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Opera’s 5 topics that got SA reading in 2017

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2017 may have been one of South Africa’s most politically and economically action-packed years to date, but many online publishers may be surprised to learn that these are not among Mzanzi’s top five most browsed topics of the year.

As one of Africa’s most widely used web browsers – serving over 250 million users around the world, including 53% of South Africa’s mobile market, Opera Mini is perfectly positioned to use its masses of data on consumer browsing habits to shed light on the topics and content types that captivated South African audiences the most in 2017 – and here’s what we found topping the most-read list.

1.     Football

As in Nigeria, Kenya and much of the rest of the continent, football is what South Africans love to browse the most. From the latest fixtures and results to industry news, gossip and scandal, the beautiful game tops the list as South Africa’s most searched topic.

2.     Life hacks

If you’ve spent any time on the internet in the past decade, there’s a very good chance that you’ve read a listicle of life hacks – the content category coming in at number two on our list. Fast-living South African audiences, it seems, have a serious soft spot for an interesting DIY project or convenient how-to video.

3.     Fashion

With a reputation for leading innovation in fashion on the African continent, it’s no surprise that women’s fashion scoops the number three spot in 2017. A talented population of designers and a rising wave of trend analysts, photographers and fashion bloggers are set to ensure this trend continues well into the future.

4.     Health &lifestyle

It’s good to know that South Africans are using the power of the internet to get a little more health conscious as a population – health and lifestyle content ranks at number four of South Africa’s most browsed content in 2017.

5.      Music – hip hop

South Africa is fertile ground for a rich, booming music scene, with its hip-hop artists in particular achieving almost god-like status on local social media. Whether it’s a hot new track or one of the blockbuster hip-hop concerts that roll around every year, hip-hop was on every South African’s lips (and smartphones) in 2017.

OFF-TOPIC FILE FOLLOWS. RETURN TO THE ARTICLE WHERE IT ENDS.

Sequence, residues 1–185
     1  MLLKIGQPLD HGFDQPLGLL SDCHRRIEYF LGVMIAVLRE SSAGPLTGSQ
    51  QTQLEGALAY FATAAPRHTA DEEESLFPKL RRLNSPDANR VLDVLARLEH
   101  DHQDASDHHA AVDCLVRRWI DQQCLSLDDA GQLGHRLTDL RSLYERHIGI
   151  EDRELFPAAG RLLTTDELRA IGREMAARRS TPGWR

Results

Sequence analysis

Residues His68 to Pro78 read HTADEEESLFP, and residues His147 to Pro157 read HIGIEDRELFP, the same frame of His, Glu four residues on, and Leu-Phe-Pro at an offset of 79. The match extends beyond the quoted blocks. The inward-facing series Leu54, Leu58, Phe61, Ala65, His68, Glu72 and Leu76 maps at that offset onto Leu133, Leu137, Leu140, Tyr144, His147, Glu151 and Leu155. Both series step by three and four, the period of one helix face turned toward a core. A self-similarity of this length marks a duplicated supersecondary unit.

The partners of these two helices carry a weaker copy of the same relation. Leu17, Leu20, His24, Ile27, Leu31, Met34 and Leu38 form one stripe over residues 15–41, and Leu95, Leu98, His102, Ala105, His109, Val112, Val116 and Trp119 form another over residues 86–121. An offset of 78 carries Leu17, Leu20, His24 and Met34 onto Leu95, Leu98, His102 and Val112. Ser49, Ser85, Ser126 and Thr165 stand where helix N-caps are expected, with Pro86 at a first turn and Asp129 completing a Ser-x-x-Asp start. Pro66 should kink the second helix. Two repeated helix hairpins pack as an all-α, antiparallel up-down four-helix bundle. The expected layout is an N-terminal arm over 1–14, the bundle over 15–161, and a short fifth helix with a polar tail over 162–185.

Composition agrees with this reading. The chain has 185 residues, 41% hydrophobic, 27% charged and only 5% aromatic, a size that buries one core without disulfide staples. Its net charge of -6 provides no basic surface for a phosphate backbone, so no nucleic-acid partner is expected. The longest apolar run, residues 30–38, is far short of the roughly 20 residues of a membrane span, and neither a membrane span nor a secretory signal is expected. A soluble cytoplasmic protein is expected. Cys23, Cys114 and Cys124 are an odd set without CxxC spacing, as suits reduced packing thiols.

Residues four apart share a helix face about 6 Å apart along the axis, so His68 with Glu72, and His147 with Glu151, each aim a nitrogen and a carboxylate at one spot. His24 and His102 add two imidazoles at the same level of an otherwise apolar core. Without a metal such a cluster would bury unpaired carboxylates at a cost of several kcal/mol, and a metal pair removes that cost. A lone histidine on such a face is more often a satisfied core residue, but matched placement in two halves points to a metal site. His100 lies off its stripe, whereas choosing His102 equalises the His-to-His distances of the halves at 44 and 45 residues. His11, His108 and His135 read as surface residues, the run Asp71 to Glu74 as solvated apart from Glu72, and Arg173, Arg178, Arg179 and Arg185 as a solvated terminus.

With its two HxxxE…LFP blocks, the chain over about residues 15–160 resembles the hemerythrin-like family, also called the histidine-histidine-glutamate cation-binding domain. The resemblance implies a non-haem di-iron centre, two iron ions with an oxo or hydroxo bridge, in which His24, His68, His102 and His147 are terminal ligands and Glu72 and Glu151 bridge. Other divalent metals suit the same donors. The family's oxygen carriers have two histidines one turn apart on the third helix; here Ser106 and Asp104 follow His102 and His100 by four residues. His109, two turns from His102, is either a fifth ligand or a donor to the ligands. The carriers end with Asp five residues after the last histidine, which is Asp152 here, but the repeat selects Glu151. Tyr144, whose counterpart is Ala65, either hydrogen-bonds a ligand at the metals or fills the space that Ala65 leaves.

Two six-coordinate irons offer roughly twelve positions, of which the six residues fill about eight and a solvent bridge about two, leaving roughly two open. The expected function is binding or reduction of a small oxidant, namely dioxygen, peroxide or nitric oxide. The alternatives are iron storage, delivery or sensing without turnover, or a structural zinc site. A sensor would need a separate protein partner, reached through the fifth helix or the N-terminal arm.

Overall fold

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Welcome to world of 2099

The world of 2099 will be unrecognisable from the world of today, but it can be predicted, says one visionary. ARTHUR GOLDSTUCK met him in Singapore.

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Futuristic structures tower over the landscape. Giant, alien-looking trees light up with dazzling colours amid the hundreds of plant species that grow up their trunks. Cosmetic stores sell their wares via public touch-screens, with products delivered instantly in drawers below the screens.

This is not a vision of the future. It is a sample of Singapore today. But it is also an inkling of the world we may all experience in the future.

Singapore was the venue, last week, of the World Cities Summit, where engineers, politicians, investors and visionaries rubbed shoulders as they talked about the strategies and policies that would enhance urban living in the future.

As part of the Summit, global payment technologies leader Mastercard hosted a small media briefing by one of Singapore’s leading thinkers about the future, Dr Damian Tan, managing director of Vickers Venture Partners. The company’s slogan “We invest in the extraordinary,” offers a small clue to Tan’s perspective.

“We look as far forward as 2099 because, as a venture capital firm, we invest in the long term,” he tells a group of journalists from Africa and the Middle East. “Companies explode in growth because there is value in the future. If there is no growth, they won’t explode.”